Dave Hannam with Classic Watercraft Restoration (CWR) celebrated the new year with a move to his new shop south of Annapolis. According to Dave “The new shop build and move is complete. The new shop is specifically designed to handle old woodies — utilizing old-school craftsmanship while staying current with technology. Restoration in the wood shop includes a 1957 Chris-Craft Sportsman in for some mechanical control upgrades to help the new owner with docking. Next step, the boat will be getting striped, re-stained and re-varnished. CWR’s shop is open by appointment, prior to a spring open house.”
Martin Hardy of Composite Yacht in Trappe, MD, is also having a busy winter. He sends us this report. “We are repowering and building a pilothouse on a Little Harbor Whisper Jet 55. The new power is a pair of 1300-hp MAN diesels including new Aqua Drive CV drive shafts to couple to the Hamilton Waterjets. The all-composite pilothouse will feature sleek, frameless, direct-glazed windows. We have four orders for Composite 26s all in different phases of construction; three will be powered by twin Yamaha F200 four-stroke outboards, and one will be powered by a 500-hp Chevy Duramax diesel marinized by Marine Diesel of Sweden. A Composite 34 is nearing completion. The boat was just pulled out of the paint booth with a Carinthia Blue Awl Grip paint job. The boat is ready for the marlin tower. The hardtop is being built in-house by the Composite Yacht team. We are nearing completion of a total rebuild of a 1985 Malibu Ski Boat, Malibu Barbie. The rebuild included new stringers, floor, engine and upholstery.”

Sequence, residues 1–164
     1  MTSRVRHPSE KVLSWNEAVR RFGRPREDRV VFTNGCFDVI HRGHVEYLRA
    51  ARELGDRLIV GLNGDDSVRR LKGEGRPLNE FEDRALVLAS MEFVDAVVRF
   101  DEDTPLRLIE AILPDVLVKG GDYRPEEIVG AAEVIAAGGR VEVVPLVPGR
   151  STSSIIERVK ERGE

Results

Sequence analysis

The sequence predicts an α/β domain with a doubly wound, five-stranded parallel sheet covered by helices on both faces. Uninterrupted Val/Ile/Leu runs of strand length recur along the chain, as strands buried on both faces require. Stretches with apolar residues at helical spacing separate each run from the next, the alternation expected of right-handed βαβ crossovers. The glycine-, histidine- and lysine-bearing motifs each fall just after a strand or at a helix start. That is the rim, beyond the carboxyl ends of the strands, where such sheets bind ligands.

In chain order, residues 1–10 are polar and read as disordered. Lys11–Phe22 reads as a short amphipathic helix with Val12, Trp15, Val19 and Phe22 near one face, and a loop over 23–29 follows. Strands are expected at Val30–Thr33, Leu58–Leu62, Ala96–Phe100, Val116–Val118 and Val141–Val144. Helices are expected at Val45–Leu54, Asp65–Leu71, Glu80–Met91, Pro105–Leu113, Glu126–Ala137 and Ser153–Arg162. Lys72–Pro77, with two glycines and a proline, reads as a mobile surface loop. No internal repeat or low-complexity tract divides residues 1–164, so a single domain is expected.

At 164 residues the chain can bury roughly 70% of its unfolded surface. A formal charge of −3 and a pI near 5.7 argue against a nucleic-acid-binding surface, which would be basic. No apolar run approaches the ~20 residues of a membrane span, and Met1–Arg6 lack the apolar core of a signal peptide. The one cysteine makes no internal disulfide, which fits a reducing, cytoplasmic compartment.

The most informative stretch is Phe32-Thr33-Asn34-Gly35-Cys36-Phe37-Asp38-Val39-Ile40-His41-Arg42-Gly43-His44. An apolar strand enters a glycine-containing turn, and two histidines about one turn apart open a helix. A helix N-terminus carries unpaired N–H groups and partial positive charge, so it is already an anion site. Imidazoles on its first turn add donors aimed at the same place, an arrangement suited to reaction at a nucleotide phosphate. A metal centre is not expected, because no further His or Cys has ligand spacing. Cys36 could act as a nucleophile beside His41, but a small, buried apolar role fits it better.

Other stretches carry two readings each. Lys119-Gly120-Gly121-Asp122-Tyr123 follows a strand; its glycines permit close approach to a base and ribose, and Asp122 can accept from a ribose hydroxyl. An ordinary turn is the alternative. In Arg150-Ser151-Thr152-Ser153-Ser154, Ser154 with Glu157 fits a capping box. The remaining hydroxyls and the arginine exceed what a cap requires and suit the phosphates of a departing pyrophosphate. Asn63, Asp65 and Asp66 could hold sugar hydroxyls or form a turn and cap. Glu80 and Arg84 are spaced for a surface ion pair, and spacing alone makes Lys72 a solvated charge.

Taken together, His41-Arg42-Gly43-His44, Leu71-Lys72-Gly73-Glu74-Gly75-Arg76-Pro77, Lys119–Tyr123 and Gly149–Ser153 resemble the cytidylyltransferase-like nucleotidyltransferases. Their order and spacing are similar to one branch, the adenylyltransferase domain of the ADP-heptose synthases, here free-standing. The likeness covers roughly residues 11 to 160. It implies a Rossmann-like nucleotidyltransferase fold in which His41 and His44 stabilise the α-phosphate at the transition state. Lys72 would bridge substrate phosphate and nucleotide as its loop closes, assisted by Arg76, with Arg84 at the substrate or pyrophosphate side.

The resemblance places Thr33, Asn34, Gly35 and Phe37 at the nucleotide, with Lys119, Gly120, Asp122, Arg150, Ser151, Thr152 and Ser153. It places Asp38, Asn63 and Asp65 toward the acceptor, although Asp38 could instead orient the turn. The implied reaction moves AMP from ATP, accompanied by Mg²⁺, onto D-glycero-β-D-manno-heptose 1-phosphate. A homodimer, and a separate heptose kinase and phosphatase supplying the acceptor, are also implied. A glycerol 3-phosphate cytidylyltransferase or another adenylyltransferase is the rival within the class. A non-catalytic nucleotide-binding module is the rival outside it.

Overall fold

Jim Jacobs of Osprey Composites in Tracys Landing, MD, has a crew working on removal and replacement of a broken shaft log on a Grand Banks 49. The crew is also finishing up a rotted deck core removal and replacement on an older Morgan 44. The next challenge, according to Jim, is a big Sea Ray from Baltimore with extensive damage caused by an engine fire.
An important part of our local boating scene that is rarely mentioned is commercial tour boat operations such as Watermark Cruises, whose fleet is based at Annapolis Landing Marina on Back Creek in Annapolis. On a recent blustery afternoon, I ducked out of the wind to chat with Bob Post, director of fleet operations for Watermark. “I oversee the maintenance operation of Watermark Cruises,” Bob explained. “We have a total of 12 boats in the fleet, ranging from the 26-foot water taxis to Raven, 99 feet, and Catherine Marie, our biggest, at 110 feet. Our crew of five is responsible for all the necessary maintenance to keep them running.
“Our boats, especially the water taxis, log about 1200 operating hours per season. We often have transmission issues, fuel cooler issues and impeller issues. Our Yanmar engines in the smaller seven boats are pretty reliable, and we work at standardizing all of the systems that we can so we can keep spares in stock and minimize downtime,” he says. “Every three years the big boats have to be hauled and go through a Coast Guard hull exam. We have them hauled down in Cambridge and take advantage of the haul out to do all the other stuff you might expect. This year it’s the Harbor Queen’s turn. We have a lot of work planned for her. She’s steel and over 40 years old, so her hull gets blasted and repainted as well as the upper deck,” Bob said. In the meantime, the smaller boats are rotating through the shop being refinished and having new fuel tanks installed. All should be in readiness for the start of the season in April, Bob assured me.